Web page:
sábado, 10 de febrero de 2018

CDC - World Cancer Day Feature

CDC - World Cancer Day Feature

Centers for Disease Control and Prevention. CDC twenty four seven. Saving Lives, Protecting People

World Cancer Day February 4. You can help prevent cancer. #ICanWeCan

7 Things YOU Can Do to Prevent Cancer

Almost everyone knows someone whose life has been affected by cancer. It’s the second most common cause of death in the United States. The good news is each of us can do something to lower our risk.
  1. Quit for good. You’ve heard that cigarette smoking causes lung cancer—80% to 90% of lung cancers, in fact. You may not know that tobacco use of any kind is linked to higher risk for cancer in many places in the body. If you use tobacco, quitting now can lower your risk for cancer!
  2. Be seen and get screened. There are tests that can find cancer early, and some can even prevent cancer. Our cancer screening “cheat sheets” for men and women give a quick overview. Ask your doctor what tests you need at your next yearly checkup.
  3. Vaccines for tweens. Boys and girls aged 11 to 12 years should get the human papillomavirus (HPV) vaccine. HPV is a virus that can cause cell changes in the body, which may eventually become cancer. The vaccine protects against many of these types of HPV, which can turn into cervical and other cancers if not caught and treated.
  4. Scale it down. Overweight and obesity in adults is linked to at least 13 different types of cancer, and may be a factor causing people in this country to get cancer at younger ages. A healthy diet and regular physical activity aren’t just about numbers on a scale, they can help lower your risk for a deadly disease.
  5. Look in your genes. Your family’s health and cancer history can affect you now and in the future. For example, some women with strong family histories of breast or ovarian cancer (especially if these cancers happened in relatively young people) have changes in the BRCA1 and BRCA2 genes, which are passed down through families. If you have these changes, you may have a higher risk of getting breast and ovarian cancer—and getting it at a younger age than other people. Talking with your loved ones about cancer and your doctor can help you protect your health.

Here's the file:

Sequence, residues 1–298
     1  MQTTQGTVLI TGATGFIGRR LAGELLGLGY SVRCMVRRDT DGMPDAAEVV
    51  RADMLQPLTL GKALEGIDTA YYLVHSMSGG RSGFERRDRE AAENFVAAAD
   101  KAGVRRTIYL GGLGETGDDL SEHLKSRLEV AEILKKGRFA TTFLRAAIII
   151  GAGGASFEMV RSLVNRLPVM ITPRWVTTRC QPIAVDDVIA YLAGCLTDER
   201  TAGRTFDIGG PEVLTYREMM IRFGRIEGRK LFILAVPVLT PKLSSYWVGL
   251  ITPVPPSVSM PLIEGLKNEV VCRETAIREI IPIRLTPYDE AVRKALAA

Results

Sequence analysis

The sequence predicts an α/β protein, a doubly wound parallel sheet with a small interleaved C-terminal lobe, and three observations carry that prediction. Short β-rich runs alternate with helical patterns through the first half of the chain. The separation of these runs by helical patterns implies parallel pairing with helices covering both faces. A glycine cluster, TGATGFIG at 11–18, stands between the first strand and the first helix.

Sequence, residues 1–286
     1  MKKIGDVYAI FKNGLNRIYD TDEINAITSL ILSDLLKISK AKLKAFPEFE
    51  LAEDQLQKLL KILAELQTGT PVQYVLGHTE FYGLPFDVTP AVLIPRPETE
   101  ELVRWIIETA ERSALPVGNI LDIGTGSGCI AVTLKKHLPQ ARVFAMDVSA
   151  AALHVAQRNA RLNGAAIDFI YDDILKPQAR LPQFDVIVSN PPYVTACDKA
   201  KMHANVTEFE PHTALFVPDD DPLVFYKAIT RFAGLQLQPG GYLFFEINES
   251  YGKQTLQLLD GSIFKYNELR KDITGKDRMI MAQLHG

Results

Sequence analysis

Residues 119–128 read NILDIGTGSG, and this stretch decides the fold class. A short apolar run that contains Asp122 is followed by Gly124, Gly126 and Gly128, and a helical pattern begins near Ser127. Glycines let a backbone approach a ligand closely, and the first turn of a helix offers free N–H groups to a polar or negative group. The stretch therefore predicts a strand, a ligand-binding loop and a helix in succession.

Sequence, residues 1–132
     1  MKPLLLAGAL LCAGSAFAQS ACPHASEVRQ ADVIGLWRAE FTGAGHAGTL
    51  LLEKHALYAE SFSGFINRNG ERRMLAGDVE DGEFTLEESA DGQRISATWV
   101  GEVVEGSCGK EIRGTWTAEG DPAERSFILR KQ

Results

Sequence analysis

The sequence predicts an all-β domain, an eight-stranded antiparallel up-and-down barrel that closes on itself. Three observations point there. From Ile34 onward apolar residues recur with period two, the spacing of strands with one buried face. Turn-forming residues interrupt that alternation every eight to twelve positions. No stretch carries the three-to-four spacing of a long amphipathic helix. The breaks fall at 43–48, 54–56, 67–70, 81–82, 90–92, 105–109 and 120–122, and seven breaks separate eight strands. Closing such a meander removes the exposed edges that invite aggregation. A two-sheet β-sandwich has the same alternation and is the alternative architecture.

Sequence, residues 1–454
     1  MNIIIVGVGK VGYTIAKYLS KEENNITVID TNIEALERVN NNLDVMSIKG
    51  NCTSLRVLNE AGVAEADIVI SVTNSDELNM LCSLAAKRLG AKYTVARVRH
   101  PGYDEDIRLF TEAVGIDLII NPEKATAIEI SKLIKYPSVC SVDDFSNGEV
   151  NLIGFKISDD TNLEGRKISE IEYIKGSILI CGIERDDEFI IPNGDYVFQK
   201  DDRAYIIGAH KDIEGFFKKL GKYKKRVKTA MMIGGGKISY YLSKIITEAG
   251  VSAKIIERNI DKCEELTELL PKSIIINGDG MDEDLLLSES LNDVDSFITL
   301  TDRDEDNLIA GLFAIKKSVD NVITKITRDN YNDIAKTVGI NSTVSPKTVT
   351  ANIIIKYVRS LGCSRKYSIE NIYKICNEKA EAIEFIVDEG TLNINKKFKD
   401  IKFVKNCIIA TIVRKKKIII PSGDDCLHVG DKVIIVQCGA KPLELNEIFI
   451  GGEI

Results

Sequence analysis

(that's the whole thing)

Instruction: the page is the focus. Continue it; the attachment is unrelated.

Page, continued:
6. Love your liver. People who were born between 1940 and 1960 are more likely than others to carry the hepatitis B or hepatitis C viruses. These may not cause any symptoms you would notice, but they are a big risk for liver cancer. There is a hepatitis B vaccine usually given to newborn babies, but adults can get it as well. Remember to protect your liver from damage by drinking alcohol in moderation, too!
  7. Be gutsy. Or care for your colon, to be exact. Of cancers affecting both men and women, colorectal (colon) cancer is second only to lung cancer in causing death from cancer. It is possible to prevent this cancer by beginning to get screened at age 50. Colorectal cancer screening can catch growths called polyps in your large intestine, so they can be removed before they turn into cancer.

No hay comentarios:

Publicar un comentario